A Guide to Choosing Over the Counter Pain Relievers
When your head is pounding or your back is aching, there are dozens of over-the-counter analgesics, or pain relievers, available to make you feel better. But with so many brands, ingredients, indications, and side effects, how do you figure out which one to take? You don't need a pharmacology degree to come up with the answer. A little basic understanding is all that is required to find the most effective - and safest - medication for battling your pain.
Over-the-counter, or OTC, pain relievers are most people's first line of defense against pain. These analgesics are not addictive and are considered safe enough to use without a prescription. Still, OTC painkillers are not risk-free. They can have serious side effects when used incorrectly or over long periods of time. And self-medicating with OTC analgesics can mask symptoms or delay treatment of problems that require medical attention.
For most minor pain relief, the OTC drugs are about equally effective. But you may find that some work better than others in certain situations. Here are five of the most common ones:
1. Acetaminophen - Best known as the brand Tylenol, acetaminophen is the only OTC pain reliever that won't irritate the stomach. Recent studies indicate that it may be the most effective fever treatment for both children and adults. Acetaminophen does not thin the blood, so it's a safer choice for pregnant women (they should check with their doctor before taking any medication) and people with postsurgical pain.
2. Acetylsalicylic acid (ASA) - This is a time-tested drug that remains one of the least expensive, most dependable, and versatile medications. When combined with caffeine (in products like Anacin), it acts faster than any other pain reliever, making it the preferred choice of headache sufferers. Adults can safely use it for headache, fever, aches caused by colds, dental pain, and minor joint pain. Children can use lesser doses but should never take aspirin for fever or a viral illness, such as chicken pox; acetaminophen is safer. Aspirin can put them at risk for Reye's syndrome, a rare but often fatal disorder. Because of aspirin's blood-thinning properties, many doctors are recommending small daily doses (81 milligrams, or one-quarter of a standard aspirin tablet) for people at risk of heart attack and stroke. Promising studies also link regular doses with reduced risk of colon cancer.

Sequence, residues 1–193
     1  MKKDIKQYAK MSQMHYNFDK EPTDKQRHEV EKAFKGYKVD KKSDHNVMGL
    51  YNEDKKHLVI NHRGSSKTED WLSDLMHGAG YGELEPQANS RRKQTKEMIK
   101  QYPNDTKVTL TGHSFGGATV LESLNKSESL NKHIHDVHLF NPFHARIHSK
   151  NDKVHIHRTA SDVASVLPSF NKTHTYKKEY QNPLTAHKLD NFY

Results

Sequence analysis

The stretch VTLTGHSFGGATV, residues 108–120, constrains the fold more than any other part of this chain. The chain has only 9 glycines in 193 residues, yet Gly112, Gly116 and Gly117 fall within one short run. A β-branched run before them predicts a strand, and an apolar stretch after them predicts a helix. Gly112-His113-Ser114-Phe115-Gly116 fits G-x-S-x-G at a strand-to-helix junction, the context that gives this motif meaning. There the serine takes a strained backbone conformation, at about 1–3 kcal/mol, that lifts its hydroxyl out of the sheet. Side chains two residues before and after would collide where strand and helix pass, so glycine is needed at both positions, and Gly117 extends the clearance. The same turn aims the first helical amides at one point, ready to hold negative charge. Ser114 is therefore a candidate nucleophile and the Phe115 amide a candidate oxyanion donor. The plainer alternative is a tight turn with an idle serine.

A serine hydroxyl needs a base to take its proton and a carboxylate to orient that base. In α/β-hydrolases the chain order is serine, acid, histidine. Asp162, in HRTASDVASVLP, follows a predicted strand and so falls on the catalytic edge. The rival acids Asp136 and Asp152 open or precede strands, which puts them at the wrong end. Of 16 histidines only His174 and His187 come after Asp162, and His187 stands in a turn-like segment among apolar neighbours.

3. Ibuprofen - Consider this a stronger version of aspirin. It is recommended for more acute pain, such as arthritis pain (under a doctor's supervision) or sprains. Without the advice of a doctor, don't take it longer than three to five days for swelling. Ibuprofen is the drug of choice for women with menstrual cramps.
4. Ketoprofen - Your doctor may recommend prescription NSAIDs (if the OTC drugs do not offer enough relief) and this drug is one of them. It is sold under brand names including Orudis. Ketoprofen is similar to Anaprox, and lasts up to 12 hours.
5. Naproxen sodium - This is another one of those prescription NSAIDs which your doctor may recommend. It is sold under the brand name Anaprox, and is similar to ibuprofen. One dose lasts 8 to 12 hours.
Although no one knows exactly why, pain relievers affect every person differently. You may need to experiment, following the package (and your doctor's) instructions, to determine which pain reliever works best for you. A woman who doesn't find ibuprofen helpful for menstrual pain might be pleasantly surprised by switching to naproxen sodium.
Side effects are a big factor when selecting a drug. All the NSAIDs - such as aspirin, ibuprofen, naproxen sodium, and ketoprofen - can cause stomach problems, especially in older people. It is, therefore, best to always check first with your doctor.
Tags: Over-the-counter , Pain Relievers , Pain
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